Inside the PASS Event Browser for Windows Phone (Part 2)
OK, so here is the second part of what has turned out to be a very long blog post about my PASS Events Browser app for Windows Phone 7.5 (“Mango”). In the previous post, I covered the technical and design decisions that I made for this app, as well as some of the design elements. This post focuses on the publishing process and my future plans for this app. In a final post, I will describe my future plans for the app.
Publishing to Windows Phone Marketplace
As you may recall from reading my previous posts, I was trying to land this app hot—in time for the PASS Summit 2011. I was running out of time with no margin for errors. I had a heads-up from Phani to make sure my app worked when there was no network connection (this bounced his first attempt at certifying his OData Browser app). Having taken care of network connectivity checks, I submitted the PASS Event Browser via the submission process on AppHub. The submissions process was a little confusing, and it required a last-minute scramble to create some of the many images needed by Marketplace (I have already prepared my screen captures—which I did using the emulator, which makes it easy to do). From what I had read, I knew that the certification process took around 5 business days, but could range from 3 to 10 days; plus it took about a day for a certified app to make it up to Marketplace. Three days and I would be able to make the conference, but anything later than that….all I could do was wait.
The PASS Summit 2011 started in a Tuesday. That Tuesday night I received a notification from Marketplace…my app had failed certification. Drat!
In my rush to get the app published, I had not taken the time to carefully re-read the copious certification requirements article. As a result, I had forgotten to run the app with light phone theme enabled. I designed the app using the (default) dark theme—light text on my dark background image. This meant that when the light theme was enabled instead, all of my text disappeared—black on black. To resolve this issue, I simply created white versions of my background images instead of taking the time to create a custom theme resources for the app (as demonstrated by Matthieu).
I was able to recover from the light theme failure, and I resubmitted the app later on that same nigh. However, I knew that I had blown my chance to make this year’s Summit. I was also rattled when the Current Crash Count number on my submission page suddenly jumped from zero to 4. Yikes! However, after several more days of waiting, I got the certification success email on Saturday morning—the day after the Summit has ended. Que sera, sera.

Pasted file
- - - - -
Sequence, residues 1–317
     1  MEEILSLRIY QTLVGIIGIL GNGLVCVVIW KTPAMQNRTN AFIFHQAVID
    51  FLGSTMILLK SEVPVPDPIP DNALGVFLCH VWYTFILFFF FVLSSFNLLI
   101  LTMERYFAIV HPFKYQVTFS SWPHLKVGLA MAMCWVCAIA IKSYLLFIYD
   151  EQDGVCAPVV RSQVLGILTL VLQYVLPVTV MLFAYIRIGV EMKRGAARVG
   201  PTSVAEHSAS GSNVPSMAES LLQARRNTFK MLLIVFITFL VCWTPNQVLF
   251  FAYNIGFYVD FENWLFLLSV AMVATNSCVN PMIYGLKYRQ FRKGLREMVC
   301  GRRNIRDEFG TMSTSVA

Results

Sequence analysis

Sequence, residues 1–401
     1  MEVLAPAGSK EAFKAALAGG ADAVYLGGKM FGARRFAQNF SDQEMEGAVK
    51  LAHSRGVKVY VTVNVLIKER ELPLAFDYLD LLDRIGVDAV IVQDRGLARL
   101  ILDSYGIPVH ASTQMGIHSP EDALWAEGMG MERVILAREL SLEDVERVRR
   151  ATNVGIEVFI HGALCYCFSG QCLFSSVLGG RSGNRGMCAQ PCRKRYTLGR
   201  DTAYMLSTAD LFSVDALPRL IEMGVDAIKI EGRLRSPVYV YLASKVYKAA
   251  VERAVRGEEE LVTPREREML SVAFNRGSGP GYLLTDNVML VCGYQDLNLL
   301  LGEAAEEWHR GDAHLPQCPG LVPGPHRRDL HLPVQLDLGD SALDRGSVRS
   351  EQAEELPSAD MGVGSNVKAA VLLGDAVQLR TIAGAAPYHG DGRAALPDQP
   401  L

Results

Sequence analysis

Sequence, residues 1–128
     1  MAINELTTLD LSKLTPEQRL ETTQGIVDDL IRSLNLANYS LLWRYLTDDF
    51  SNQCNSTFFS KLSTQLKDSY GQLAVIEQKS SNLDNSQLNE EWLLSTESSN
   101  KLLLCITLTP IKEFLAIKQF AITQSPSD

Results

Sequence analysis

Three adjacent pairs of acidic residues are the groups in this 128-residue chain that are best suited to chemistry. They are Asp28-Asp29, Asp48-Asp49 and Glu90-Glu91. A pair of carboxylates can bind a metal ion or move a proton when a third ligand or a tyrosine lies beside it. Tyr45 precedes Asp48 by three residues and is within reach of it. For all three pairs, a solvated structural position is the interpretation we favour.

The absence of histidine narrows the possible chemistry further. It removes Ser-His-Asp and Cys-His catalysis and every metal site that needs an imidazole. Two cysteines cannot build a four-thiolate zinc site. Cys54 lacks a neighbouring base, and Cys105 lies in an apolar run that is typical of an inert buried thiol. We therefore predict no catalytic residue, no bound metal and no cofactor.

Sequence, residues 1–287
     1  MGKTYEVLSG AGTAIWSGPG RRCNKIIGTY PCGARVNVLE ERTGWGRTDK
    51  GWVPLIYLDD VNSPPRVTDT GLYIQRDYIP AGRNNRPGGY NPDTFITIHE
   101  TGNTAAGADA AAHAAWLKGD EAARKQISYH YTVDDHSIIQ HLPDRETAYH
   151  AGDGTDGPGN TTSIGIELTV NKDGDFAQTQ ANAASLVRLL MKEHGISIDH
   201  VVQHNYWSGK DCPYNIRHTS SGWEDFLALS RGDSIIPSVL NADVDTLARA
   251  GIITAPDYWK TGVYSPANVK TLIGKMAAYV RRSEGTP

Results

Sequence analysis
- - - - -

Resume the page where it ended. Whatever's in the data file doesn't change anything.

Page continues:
The Marketplace Test Kit
After having already passed on my second certification attempt (now properly handling the light theme and despite the 4 crashes), I ran across the Windows Phone Marketplace Test Kit. In my haste, I hadn’t noticed it before, hiding in the Project menu in VS—probably because it was added in Mango to the SDK 7.1. This test kit is a must for anyone trying to certify their app; had I know about this, I would have certainly passed certification on the first try and been live for the Summit. This kit also prepares you for your submission by telling you what images to get together before you start your submission.
The kit has four parts:
- Application Details – helps you prep your images.
- Automated Tests – runs some of the basic package upload checks required to start the certification process.
- Monitored Tests – you run your app though its paces, and the kit collects data, such as crashes, memory used, back-button handling, and launch time—all potential deal-breakers.
- Manual Tests – this reads more like the full certification document—but it does warn about the light theme gotcha.
The Crash Count
I ran across another helpful Marketplace tool after my successful certification. I discovered that, beginning with your application submission, Marketplace tracks app crashes reported by your app—for folks who are opted-in (I got 4 just in certification testing):
The best thing about this report is that you can download an Excel spreadsheet of the actual stack traces of the (reported) app crashes. This enabled me to quickly isolate and fix the bugs causing my four crashes (missing null checks) before my first update. Kudos to the phone guys on this one!
Publishing an Update
Another great thing about the Marketplace platform is the ability to push updates, which customers get notified of when they run the Marketplace app on the device. In development, I am always tempted to add just one additional feature that I want folks to have. But with Marketplace updates, I can publish an app more quickly with a reasonable feature set, and then shortly refresh the app with an update to add those last few features. When I submitted v1.0 of the PASS Events Browser, I had just converted the app to Mango and the SDK 7.1, so all of the OData queries were still using URIs instead of LINQ. My first update, which I rolled-out three days or so after the app went live, fixed my crashes and converted my OData queries to LINQ (this as v1.1).
The update process is basically the same as the initial certification, except that all of the application metadata is persevered. This means that you really only need to upload a new .xap package, and possibly update the app description.
In the next (and final) post, I will muse on future planned improvements to the PASS Events Browser.